The New York City Landmarks Preservation Committee has unanimously approved the proposal for the Triangle Shirtwaist Factory Fire Memorial, which will be located on the exterior of the Brown Building in Manhattan's Greenwich Village where the fire took place. One of the deadliest industrial disasters in American history, the Triangle Shirtwaist Factory fire of 1911 led to the death of 146 garment workers, many of whom were immigrant women.
The memorial is the result of a campaign launched by the nonprofit Remember the Triangle Fire Coalition in 2011. Designers Uri Wegman and Richard Joon Yoo were named winners of a 2013 design competition, and in 2015, Gov. Andrew Cuomo announced that the state of New York would contribute $1.5 million toward the construction of the memorial. However, the group still needs to raise $1.2 million for the long-term maintenance of the memorial. If they succeed, fabrication will take about six months.
Inspired by mourning ribbons that are placed on structures to show public grief, Wegman and Joon Yoo devised a matte stainless steel "ribbon" that stretches across the front and up the corner of the building as well as a parallel reflective black Stoneglass panel at street level, according to a project proposal. Names of the victims and first-person accounts of the event will be etched into the paneling, and will reflect up onto the underside of the steel ribbon. Next month, the Remember the Triangle Fire Coalition and the Fashion Institute of Technology will host a community event for individuals to donate fabric pieces that will be sown together into a 300-foot ribbon. Wegman and Joon Yoo will use the resulting patchwork as a cast mold for a portion of the steel memorial ribbon.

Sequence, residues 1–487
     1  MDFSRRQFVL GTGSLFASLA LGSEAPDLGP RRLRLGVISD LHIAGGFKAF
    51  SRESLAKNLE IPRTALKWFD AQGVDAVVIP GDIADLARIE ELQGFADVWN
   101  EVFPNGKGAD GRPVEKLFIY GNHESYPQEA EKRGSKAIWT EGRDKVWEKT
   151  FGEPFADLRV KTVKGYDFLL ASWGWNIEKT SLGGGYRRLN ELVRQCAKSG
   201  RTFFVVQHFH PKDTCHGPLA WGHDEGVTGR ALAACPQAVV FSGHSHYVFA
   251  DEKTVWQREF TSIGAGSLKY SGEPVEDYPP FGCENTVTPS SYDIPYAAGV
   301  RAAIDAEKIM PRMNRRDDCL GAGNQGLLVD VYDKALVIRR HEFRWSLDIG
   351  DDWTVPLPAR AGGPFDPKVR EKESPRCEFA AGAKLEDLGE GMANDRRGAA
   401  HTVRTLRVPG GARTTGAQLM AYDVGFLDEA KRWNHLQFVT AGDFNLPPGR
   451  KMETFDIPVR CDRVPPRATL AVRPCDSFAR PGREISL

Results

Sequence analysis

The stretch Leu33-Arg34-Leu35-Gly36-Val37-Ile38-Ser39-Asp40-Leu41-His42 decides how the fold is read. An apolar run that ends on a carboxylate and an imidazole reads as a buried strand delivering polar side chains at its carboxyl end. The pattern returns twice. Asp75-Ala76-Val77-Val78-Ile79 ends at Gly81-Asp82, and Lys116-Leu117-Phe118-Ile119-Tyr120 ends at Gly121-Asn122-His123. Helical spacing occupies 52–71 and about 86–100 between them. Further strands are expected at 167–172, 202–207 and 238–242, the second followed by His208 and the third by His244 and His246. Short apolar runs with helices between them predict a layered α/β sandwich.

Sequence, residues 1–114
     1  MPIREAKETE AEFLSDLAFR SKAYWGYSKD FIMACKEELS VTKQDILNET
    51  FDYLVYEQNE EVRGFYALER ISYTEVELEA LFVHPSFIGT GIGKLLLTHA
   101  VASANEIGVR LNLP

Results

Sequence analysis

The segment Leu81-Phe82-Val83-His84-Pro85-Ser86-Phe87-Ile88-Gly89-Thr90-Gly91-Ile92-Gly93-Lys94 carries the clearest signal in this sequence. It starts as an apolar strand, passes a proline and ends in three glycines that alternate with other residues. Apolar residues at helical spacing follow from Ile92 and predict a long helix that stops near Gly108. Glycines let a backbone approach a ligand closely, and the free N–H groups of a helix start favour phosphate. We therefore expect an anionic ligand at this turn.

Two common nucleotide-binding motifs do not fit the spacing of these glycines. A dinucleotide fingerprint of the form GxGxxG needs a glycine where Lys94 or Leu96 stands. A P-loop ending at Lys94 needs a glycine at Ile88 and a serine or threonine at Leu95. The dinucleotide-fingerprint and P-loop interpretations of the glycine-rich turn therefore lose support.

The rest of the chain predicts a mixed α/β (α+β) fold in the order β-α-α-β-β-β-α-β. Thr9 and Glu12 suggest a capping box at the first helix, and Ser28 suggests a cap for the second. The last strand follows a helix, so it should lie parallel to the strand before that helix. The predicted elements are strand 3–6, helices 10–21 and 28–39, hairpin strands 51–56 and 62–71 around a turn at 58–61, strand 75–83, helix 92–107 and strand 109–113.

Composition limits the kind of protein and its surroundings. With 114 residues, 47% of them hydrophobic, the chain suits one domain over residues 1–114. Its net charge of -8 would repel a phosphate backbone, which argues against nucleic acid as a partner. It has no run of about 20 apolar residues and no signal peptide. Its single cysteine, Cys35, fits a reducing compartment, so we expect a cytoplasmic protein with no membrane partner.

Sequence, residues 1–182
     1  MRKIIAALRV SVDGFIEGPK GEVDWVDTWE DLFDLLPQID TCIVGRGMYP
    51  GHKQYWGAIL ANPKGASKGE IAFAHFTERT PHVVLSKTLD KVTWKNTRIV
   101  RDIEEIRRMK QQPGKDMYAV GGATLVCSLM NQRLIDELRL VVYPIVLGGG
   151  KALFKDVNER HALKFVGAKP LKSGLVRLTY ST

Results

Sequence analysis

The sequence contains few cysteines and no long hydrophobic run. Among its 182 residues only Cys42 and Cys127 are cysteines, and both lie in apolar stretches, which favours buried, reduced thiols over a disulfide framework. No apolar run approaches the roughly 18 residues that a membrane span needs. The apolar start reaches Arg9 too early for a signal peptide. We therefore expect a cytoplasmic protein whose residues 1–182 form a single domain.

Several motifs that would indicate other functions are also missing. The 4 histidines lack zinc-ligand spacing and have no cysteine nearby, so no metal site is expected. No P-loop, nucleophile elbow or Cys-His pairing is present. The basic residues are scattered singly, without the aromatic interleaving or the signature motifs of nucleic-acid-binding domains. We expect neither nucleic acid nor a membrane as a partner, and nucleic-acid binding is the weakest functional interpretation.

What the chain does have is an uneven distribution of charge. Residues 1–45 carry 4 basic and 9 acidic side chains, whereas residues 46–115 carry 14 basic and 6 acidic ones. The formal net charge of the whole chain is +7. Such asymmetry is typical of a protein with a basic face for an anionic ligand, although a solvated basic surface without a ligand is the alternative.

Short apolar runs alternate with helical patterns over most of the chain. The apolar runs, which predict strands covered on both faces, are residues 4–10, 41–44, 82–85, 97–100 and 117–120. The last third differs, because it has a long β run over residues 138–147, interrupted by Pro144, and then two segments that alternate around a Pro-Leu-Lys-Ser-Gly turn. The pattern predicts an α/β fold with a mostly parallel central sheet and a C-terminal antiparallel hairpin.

"Looking downward to the Reflective Panel, then looking upward ... is part of the innate language of New York, and echoes the witnessing of the fire itself: looking up, looking down," Wegman and Joon Yoo wrote in a letter to the commission.
The Triangle Shirtwaist fire led to social reforms related to acceptable working conditions and public safety as well as standards relating to fire safety and building codes. Soon after the tragedy, New York established the Bureau of Fire Prevention.
If all goes according to plan, Remember the Triangle Fire Coalition expects to have the memorial installed by March 2020.